Life Estate Ownership in Texas Oil and Gas

Life Estate Ownership in Texas Oil and Gas

Life estate ownership in Texas real property, particularly in oil and gas, can be complex and create many headaches. While a life estate that is created via a properly drafted deed can cover many of the common issues associated with life estates in oil and gas, this is unfortunately rare when discussing the creation of a life estate that involves oil and gas property.

Creation of Life Estates in Oil and Gas Properties

The most common means for the creation of a life estate is through the death of the owner of an oil and gas property, whether that person dies with or without a will. For purposes of this article, we shall focus on a situation where a life estate is created either through the intestate death of an owner, or the testate death of said owner where their will does not specifically account for the powers of the life estate holder in the property. The default rule in Texas in this scenario is that neither a life estate owner nor the remainder owners of the interest can execute an oil and gas lease unilaterally. In other words, an oil and gas lease executed by one party, without the joinder or ratification of the other party, is void.

The confusion does not stop here though, as even after you have a valid oil and gas lease in place from both the life estate owner and the remainder owners, there is still the issue of who has the right to what payments under the lease. In Texas, the life estate owner has the right to full payment of any delay rentals under an oil and gas lease, while any royalty or bonus payments that are to be paid under the terms of the lease are to be held in an interest-bearing suspense account for the remainder owner, with the corpus of this account to be distributed to the remainder interest owners upon the death of the life estate owner. During the life of the life estate owner, the life tenant shall have the right to periodic payments of interest from this suspense account.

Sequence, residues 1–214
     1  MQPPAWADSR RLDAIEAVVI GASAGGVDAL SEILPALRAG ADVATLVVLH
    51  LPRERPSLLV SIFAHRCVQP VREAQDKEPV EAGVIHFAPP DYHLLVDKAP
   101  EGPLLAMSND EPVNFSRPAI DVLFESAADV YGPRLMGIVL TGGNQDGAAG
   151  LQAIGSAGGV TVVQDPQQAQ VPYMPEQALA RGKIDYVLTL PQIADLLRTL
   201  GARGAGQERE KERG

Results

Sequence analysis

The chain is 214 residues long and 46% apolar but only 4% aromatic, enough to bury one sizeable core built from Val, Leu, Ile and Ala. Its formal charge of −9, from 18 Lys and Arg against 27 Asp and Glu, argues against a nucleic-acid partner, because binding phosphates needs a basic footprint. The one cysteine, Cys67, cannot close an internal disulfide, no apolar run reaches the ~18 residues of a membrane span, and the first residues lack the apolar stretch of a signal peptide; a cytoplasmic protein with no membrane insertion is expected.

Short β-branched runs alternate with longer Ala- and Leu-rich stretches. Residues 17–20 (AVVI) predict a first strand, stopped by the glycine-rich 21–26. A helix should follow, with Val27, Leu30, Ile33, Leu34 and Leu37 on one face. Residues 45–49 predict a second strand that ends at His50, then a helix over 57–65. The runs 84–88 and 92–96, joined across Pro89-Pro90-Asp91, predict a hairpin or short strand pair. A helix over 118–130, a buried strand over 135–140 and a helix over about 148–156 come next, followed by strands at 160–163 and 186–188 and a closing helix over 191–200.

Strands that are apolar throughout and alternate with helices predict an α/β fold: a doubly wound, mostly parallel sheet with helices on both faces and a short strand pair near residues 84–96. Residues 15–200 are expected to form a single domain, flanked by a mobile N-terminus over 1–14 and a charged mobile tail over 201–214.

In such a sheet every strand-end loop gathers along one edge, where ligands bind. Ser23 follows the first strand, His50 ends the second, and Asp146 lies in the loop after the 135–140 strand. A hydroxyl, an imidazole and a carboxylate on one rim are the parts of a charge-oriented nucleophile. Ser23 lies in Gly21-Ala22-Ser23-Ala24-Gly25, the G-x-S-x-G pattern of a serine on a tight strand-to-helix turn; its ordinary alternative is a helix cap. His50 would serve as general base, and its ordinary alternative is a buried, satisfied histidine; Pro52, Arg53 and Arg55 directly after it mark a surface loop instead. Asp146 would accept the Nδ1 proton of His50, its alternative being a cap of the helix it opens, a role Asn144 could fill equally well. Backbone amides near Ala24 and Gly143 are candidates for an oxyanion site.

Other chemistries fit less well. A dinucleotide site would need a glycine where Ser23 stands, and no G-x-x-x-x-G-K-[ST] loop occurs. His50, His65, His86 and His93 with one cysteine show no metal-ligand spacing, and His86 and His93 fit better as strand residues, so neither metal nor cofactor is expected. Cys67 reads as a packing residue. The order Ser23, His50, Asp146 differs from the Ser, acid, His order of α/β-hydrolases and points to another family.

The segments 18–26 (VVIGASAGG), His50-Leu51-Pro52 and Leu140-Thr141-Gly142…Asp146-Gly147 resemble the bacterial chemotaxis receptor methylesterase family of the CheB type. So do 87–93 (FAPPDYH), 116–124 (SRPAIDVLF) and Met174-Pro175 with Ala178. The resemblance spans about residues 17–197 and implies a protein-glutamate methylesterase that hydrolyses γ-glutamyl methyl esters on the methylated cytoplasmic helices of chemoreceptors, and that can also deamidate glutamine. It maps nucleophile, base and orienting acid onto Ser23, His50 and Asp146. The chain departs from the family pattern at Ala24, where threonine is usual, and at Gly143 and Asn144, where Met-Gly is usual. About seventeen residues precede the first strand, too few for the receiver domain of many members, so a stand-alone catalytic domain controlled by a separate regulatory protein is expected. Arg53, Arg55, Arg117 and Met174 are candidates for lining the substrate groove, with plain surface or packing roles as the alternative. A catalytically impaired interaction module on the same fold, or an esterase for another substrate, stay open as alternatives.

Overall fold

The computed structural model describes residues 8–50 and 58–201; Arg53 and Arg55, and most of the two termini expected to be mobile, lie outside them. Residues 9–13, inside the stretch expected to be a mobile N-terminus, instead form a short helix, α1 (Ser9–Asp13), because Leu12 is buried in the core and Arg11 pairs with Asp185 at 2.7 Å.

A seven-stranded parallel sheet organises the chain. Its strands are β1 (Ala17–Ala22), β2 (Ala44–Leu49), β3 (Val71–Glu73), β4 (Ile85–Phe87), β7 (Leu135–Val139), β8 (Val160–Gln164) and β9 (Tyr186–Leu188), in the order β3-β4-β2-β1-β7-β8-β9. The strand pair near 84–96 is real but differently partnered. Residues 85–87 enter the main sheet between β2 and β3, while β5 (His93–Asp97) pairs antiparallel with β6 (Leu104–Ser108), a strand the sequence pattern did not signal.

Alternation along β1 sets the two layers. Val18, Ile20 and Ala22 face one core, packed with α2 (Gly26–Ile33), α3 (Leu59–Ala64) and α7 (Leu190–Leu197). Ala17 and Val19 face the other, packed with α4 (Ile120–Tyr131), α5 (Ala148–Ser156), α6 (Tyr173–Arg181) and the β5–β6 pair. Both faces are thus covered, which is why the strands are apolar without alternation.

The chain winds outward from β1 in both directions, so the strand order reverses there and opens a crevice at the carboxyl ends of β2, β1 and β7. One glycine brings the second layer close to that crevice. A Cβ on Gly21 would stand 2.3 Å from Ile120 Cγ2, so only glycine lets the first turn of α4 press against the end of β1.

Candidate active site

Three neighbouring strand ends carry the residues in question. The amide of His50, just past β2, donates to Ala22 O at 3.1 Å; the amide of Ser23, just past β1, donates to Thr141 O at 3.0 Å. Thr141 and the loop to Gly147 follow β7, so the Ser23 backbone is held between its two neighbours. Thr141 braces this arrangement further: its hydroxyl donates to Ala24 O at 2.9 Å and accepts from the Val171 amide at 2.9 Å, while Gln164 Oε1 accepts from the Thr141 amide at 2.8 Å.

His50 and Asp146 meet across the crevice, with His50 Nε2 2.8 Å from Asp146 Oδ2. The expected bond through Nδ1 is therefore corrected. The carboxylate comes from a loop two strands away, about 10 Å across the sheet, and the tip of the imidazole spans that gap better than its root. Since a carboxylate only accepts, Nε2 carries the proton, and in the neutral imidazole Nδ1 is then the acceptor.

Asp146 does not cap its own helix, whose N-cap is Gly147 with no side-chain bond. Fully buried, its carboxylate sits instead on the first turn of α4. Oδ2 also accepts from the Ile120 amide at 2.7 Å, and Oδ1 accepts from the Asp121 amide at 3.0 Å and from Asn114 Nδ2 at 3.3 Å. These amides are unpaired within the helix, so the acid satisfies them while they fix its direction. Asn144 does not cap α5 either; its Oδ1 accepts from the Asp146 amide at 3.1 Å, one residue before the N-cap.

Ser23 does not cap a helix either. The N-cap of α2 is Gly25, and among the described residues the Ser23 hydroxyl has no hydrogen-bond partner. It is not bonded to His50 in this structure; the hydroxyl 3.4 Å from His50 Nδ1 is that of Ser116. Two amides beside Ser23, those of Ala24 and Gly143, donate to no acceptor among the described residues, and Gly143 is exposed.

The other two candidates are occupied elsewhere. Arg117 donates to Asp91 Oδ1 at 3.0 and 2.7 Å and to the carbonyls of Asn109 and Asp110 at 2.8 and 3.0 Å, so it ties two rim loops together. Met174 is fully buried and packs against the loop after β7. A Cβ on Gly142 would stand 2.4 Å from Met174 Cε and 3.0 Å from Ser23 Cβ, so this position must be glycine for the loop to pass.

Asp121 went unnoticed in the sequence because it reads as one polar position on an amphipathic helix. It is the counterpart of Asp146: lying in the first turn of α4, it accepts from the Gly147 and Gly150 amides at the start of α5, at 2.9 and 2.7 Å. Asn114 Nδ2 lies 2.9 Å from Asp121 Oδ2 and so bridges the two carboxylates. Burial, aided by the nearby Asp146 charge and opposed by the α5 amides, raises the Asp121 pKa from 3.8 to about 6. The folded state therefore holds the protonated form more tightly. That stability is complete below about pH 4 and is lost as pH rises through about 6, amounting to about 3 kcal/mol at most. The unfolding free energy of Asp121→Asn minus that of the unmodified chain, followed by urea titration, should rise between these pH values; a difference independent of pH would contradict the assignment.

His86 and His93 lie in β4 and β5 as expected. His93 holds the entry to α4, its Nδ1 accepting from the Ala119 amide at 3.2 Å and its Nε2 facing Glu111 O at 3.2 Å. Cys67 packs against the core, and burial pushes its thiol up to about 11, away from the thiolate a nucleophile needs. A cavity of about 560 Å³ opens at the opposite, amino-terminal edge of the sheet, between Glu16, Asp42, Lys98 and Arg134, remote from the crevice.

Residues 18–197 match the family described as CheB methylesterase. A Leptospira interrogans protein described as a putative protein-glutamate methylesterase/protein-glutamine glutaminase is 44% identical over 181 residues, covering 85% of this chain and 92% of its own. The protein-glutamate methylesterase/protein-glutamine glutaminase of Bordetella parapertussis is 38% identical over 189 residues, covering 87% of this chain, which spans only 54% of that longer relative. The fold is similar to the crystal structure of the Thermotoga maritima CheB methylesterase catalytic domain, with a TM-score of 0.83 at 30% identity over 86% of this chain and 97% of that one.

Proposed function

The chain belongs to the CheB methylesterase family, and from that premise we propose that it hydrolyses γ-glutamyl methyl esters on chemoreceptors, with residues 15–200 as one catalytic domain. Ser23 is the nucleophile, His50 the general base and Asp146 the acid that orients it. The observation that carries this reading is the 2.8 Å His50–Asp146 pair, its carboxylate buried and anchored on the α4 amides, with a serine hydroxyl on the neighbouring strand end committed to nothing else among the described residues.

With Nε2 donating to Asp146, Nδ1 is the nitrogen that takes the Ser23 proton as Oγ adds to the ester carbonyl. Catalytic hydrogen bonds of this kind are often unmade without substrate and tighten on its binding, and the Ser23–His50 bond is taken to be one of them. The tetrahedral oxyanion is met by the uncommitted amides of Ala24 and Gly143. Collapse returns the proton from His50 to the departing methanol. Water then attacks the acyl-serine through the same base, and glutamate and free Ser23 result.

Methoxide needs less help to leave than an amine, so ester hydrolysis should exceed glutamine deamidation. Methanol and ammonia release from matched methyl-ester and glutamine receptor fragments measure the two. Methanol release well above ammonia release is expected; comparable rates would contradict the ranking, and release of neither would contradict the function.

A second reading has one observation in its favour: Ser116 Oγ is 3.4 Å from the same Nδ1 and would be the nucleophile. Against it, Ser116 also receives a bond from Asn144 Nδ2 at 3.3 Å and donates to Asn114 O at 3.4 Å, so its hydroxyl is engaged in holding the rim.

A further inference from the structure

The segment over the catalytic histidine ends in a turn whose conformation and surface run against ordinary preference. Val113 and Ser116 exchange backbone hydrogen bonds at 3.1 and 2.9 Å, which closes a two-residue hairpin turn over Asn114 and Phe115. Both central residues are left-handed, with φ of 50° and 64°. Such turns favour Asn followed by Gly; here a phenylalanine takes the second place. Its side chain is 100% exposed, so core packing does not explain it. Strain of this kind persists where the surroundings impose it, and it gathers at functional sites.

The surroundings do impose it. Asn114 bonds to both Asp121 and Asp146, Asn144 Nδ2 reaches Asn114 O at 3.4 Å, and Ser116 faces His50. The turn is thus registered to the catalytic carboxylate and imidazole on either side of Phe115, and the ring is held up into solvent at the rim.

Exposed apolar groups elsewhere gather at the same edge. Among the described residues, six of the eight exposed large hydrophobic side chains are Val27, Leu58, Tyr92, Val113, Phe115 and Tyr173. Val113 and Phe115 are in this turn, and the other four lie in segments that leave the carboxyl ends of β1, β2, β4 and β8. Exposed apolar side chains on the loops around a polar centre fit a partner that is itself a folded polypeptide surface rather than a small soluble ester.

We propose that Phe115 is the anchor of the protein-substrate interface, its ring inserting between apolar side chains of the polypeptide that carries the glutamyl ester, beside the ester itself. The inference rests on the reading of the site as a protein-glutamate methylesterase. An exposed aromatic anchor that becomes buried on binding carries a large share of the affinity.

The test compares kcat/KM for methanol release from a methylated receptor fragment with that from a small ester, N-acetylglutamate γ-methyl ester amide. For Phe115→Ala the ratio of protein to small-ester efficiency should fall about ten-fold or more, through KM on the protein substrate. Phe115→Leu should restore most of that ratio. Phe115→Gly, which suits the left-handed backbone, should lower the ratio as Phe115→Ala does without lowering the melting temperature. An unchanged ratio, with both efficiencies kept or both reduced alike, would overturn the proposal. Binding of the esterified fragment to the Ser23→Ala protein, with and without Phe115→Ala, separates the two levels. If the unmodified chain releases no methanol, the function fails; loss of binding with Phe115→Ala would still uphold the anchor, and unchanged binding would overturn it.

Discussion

Exceptions and Special Considerations

Of course, there are several exceptions to the above rules. One such example is the Open Mine Doctrine, which allows the life estate owner to collect all payments including royalty and bonus money, if the “mine” was open at the time that the life estate was created. What does this mean for our purposes? The Open Mine Doctrine shall apply in Texas if either: a) a producing well is located on the property in question at the time that the life estate is created, or b) there is an active oil and gas lease on the property at the time the life estate is created. Further, many oil and gas companies will ask for a signed agreement between the life estate and remainder interest owners which sets forth how the owners would like the money to be paid during the life of the life tenant.

Mineral owners in Texas should be aware of the ramifications of life estates that are created by means that are not explicit as to the potential life estate owner’s powers and rights during their life. The diligent owner will spend a little more time in the planning of this potential divestiture which will lead to a clear path forward for oil and gas production under that interest down the road. If you need assistance or guidance with life estate ownership, reach out to KMD Law today to book a consultation.

Written by Robert Scales, Shareholder and Director in the Oil & Gas division with KMD Law